Experimental games are a hit or a miss. I’m not entirely sure that you will ever find a near universal opinion on any game but games that find themselves outside the standard mould are especially prone to that. People will either absolutely love new and different games and mechanics or they will resoundly reject them.
I use that as the intro to this review because experimental is an appropriate catch-all term to describe Her Story. It’s a mystery game that sees you dig through old police interrogation videos to determine the truth in a 21-year-old case.
It might not have a proper win state. It might rely on FMV in the style of a, well, 21-year old video game. It might be a game that’s only combat is your brain against itself. But it’s easily the best game I’ve played this year so far.
For the first time, E3 had a dedicated show for PC gaming. At some point, I’ll probably pontificate over the dangers of a marketing event that was put together by a video game magazine that supposedly provides independent journalism at another time. For now, a lot of smaller developers brought their new wares to E3 through this new PC gaming show. If you’re a fan of indies and didn’t like what you saw on consoles, this was definitely the conference for you. If you’re looking for triple-As, maybe next year.
If there’s one complaint that I have as a primarily PC gamer, it’s that there aren’t many sports games on the PC. Sure, there’s FIFA and NBA 2K but there’s no Madden, no MLB (okay, it’s basically PlayStation exclusive but you know what I’m getting at) and no NHL. That last one’s really burning me because I willingly played those NHL game re-skins that EA was putting out for PC from NHL 07 to NHL 09. And, no, eSports doesn’t count because the vs. AI modes of MOBAs and CS:GO aren’t particularly fun and the AI kicks my ass repeatedly at SC2.
And that brings me to ClusterPuck 99. With sports games lacking on PC and licenses for pro sports costing an obscene amount of money, devs have to be creative with sports games. And that’s exactly what PHL Collective have done with ClusterPuck 99. They’ve taken the important parts of hockey and soccer and distilled it down to the essential experience. Then they went mental and added spikes and turbo pads and death. You know, the important part of sport.
Not every football (or soccer, in North America) game is super realistic sim that allows you to take over almost every major club or player from around the world. Not every football game is even about football.
Enter the very poorly named FootLOL. FootLOL is a bit like Football Manager if Football Manager was made by someone completely out of their minds. You don’t lead your team to victory with superior tactics, player management and inspired decisions. You lead them to victory with land mines, artillery and stampeding cows.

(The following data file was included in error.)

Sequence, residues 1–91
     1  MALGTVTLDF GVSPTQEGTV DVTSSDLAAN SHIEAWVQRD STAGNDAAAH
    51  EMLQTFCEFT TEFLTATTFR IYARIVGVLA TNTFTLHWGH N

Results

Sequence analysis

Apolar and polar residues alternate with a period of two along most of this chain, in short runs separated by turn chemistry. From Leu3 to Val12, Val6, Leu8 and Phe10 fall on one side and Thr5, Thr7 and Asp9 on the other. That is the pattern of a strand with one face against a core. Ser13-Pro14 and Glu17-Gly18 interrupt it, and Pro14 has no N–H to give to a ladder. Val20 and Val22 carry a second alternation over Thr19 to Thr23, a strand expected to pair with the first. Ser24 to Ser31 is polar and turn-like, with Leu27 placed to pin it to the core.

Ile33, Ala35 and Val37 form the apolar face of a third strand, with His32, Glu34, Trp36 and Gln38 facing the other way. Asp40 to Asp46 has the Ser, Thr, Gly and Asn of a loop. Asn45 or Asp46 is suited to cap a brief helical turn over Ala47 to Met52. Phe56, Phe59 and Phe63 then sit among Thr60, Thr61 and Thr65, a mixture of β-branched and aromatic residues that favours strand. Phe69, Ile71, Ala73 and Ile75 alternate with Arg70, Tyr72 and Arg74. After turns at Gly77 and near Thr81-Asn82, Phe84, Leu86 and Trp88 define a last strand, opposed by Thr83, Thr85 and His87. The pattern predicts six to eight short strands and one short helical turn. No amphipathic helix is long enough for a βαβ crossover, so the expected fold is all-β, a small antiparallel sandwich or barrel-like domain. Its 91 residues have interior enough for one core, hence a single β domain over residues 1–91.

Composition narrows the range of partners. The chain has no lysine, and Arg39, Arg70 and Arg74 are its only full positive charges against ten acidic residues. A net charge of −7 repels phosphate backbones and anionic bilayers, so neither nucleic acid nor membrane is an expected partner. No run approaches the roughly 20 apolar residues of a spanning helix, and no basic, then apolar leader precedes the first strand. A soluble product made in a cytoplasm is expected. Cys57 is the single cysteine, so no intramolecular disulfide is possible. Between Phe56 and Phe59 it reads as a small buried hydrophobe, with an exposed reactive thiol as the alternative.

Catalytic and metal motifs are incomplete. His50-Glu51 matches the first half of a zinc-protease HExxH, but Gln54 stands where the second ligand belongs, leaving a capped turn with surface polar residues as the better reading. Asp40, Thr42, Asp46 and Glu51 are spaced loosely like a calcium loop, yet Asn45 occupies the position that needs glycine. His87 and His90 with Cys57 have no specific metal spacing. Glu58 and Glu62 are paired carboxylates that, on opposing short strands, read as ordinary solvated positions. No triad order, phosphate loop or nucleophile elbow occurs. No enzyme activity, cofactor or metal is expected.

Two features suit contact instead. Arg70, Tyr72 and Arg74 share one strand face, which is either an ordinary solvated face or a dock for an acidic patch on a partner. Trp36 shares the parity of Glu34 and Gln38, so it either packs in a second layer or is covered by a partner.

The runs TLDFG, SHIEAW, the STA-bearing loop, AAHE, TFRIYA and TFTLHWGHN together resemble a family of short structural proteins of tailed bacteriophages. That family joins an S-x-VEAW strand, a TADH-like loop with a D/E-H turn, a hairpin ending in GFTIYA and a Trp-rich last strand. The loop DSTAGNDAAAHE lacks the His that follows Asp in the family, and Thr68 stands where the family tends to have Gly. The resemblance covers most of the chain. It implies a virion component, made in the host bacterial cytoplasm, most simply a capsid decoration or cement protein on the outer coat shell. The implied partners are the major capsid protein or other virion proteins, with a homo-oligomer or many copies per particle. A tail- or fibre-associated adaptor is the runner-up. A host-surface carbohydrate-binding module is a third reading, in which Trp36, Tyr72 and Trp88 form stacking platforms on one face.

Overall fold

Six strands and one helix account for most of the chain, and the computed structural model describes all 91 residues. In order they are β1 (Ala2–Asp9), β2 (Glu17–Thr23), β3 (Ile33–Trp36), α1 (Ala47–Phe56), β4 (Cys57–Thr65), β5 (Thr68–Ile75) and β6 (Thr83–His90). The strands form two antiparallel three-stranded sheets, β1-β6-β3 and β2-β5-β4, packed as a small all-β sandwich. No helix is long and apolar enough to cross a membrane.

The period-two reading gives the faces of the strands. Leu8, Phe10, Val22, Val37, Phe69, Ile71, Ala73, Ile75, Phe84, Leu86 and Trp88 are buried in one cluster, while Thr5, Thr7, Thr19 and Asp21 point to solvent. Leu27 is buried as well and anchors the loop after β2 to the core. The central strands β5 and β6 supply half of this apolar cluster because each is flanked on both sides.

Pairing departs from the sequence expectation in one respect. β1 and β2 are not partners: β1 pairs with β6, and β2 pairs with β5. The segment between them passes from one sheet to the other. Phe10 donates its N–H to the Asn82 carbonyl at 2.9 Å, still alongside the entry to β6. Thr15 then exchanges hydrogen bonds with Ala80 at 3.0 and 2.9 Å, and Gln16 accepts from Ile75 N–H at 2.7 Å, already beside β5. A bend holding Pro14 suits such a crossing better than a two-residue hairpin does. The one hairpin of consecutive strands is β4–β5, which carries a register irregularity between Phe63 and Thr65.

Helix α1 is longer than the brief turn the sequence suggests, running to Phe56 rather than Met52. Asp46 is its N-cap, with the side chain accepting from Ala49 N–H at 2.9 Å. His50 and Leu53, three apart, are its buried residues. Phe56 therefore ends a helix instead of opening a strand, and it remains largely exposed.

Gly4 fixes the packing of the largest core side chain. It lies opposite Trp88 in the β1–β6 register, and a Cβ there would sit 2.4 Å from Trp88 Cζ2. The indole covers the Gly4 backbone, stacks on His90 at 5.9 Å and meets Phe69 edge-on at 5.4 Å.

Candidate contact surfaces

One of the terms that I’ve been hearing a lot lately is “experimental gameplay.” The other popular descriptor for games is to refer to some as art. They’re labels that seem to be haphazardly applied to anything that doesn’t conform completely to bog standard gameplay conventions. Gone Home was a game that the critics referred to as both experimental and art. While last week we found out that I disagree with those sentiments, I have found a game that both labels could apply to and certainly qualifies as experimental.
The Stanley Parable is an updated, full release of a 2011 Source engine mod. Like Gone Home, there’s no combat in The Stanley Parable. However, that’s where the similarities end. The Stanley Parable is so experimental, so unorthodox and so brilliant that it certainly earns its place as one of 2013’s best games.
This year’s surprise hit game was a little indie game called Gone Home. The debut effort of a small indie dev made up of BioShock 2: Minerva’s Den devs is in a way inspired by BioShock but much simpler and focused. For many critics, the straight-forward focus on story made it near-perfect and the game of the year. Many gamers, though, didn’t find it as good as it was hyped up to be. So where does it fall on the spectrum?
The first video game that I remember playing was Shufflepuck Cafe on my dad’s old Macintosh SE. Sure, there were other games on there but nothing quite captured my attention like Shufflepuck. It might have been in black and white but the graphics looked fine, it had sound (which was a rarity on that computer) and it was just fun to play. I may have poured more hour into that game during my childhood than anything on my NES.
So when I saw this homage to the original Shufflepuck Cafe pop up on Steam, I had to pick it up, if only for nostalgia’s sake. Fortunately, Shufflepuck Cantina didn’t stop at recreating the original in colour but added some depth to the original.